This is a penetrating account of the fight against the Taliban in Afghanistan by a British officer. Major Streatfield has been outspoken in his analysis of foreign intervention in Afghanistan, providing a thought-provoking and personal perspective. He has compared the Taliban tactics with the British response and offered a record of daily fire-fights and the daily threat of IEDs.
NAME: Honourable Warriors, Fighting the Taliban in Afghanistan
CATEGORY: Book Reviews
AUTHOR: Richard Streatfield
PUBLISHER: Pen & Sword
BINDING: hard back
GENRE: Non Fiction
SUBJECT: Asymetric warfare, terrorists, freedom fighters, holy warriors, Asian conflict, NATO, US, UK MOD, The Rifles, air support, IED
DESCRIPTION: This is a penetrating account of the fight against the Taliban in Afghanistan by a British officer. Major Streatfield has been outspoken in his analysis of foreign intervention in Afghanistan, providing a thought-provoking and personal perspective. He has compared the Taliban tactics with the British response and offered a record of daily fire-fights and the daily threat of IEDs.
The text reads well, giving an absorbing account of life for The Rifles in the battle zone. It is supported by a photo section of colour images of life for the author and his comrades in Afghanistan.
Perhaps the most striking aspect of this book is in the similarities it shares with letters and reports from Afghanistan more than 150 years years ago. The Army of the Indus marched into Afghanistan to enforce a British view of peace on a tribal population that was happy to fight anyone. An invader could be fought by all, but if there was no invader there was always the opportunity to fight neighbours and follow feuds through generations.
There will long be debate of the merits and threats of invading Afghanistan. Politicians have been less than honest or constant in their justification for an asymmetric war that has cost so many American and British lives, causing far higher casualties amongst Afghans and yet had such a small and temporary effect on a country that is still in a place centuries away from Europe and in a culture that matches the harsh countryside.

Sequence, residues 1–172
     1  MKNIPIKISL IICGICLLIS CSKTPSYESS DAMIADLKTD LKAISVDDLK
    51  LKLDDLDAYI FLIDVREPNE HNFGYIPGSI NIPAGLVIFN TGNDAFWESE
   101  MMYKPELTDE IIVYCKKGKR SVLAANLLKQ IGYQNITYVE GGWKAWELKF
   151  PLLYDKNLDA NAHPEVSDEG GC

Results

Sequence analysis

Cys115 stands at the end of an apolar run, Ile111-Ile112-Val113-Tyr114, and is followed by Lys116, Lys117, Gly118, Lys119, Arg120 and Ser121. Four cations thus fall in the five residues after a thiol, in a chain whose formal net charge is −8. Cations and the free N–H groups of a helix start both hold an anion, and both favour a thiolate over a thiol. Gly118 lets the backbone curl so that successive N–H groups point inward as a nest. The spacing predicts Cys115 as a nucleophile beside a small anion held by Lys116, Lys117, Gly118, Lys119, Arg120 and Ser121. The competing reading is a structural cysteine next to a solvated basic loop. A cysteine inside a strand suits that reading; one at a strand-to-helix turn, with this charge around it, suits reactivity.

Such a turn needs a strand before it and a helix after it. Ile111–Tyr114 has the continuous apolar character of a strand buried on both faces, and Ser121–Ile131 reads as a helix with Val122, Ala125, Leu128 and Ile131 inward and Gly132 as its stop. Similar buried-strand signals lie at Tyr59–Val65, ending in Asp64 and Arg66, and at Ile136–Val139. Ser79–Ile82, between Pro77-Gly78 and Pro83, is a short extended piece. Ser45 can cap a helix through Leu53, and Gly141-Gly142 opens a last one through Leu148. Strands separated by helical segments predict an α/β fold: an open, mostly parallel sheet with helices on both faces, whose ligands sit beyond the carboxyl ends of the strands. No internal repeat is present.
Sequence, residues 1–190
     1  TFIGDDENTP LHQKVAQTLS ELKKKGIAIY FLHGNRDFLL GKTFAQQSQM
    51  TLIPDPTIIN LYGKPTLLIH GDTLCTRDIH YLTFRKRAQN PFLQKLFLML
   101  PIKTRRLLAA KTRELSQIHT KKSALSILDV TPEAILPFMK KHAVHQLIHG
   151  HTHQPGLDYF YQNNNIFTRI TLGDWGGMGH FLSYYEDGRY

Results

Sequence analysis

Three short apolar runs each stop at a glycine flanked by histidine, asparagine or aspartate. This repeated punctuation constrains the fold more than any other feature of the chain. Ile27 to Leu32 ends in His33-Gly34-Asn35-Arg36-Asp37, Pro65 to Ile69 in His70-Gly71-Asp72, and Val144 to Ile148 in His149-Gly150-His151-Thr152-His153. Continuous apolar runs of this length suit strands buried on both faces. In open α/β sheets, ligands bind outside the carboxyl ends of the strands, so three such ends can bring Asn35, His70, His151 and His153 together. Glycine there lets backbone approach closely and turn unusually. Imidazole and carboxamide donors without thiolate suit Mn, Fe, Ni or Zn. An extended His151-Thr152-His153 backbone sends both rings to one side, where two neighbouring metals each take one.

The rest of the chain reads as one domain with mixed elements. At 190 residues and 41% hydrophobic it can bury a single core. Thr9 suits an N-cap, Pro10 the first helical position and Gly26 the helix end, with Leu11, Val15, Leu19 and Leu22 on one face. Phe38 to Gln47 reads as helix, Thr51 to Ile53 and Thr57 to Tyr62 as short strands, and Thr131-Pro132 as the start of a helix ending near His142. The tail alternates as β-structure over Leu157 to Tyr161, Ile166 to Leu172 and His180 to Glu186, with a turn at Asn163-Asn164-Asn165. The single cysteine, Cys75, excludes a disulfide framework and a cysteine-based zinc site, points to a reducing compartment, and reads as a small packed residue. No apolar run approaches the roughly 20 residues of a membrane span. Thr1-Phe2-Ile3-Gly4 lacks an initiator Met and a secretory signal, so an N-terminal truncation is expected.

This is a book that should be widely read. Many readers may take a different view from that expressed by the author, but he has served in theatre and provides insights that are only possible from direct experience. Even if all NATO troops are withdrawn to the timetable conceived by politicians to suit election timetables or a desire to reduce budgets, Afghanistan will still exist and continue to present all of the challenges and threats that it has presented before.
The dangers that Afghanistan has presented and will continue to present are not unique to Afghanistan. We live in an increasingly dangerous world and a world were there is a widening gulf between those countries that have and those that have not. There may have been no real option originally but to invade Afghanistan, but once there, the US took its focus away to Iraq and never refocused. That lack of attention has cost lives and meant that the peace has not been won. Some will question whether the peace ever could have been won because politicians have failed to understand the society and the needs of Afghans and tried to apply European concepts that are alien. Sadly there is rarely a Wingate Pasha around when you need one.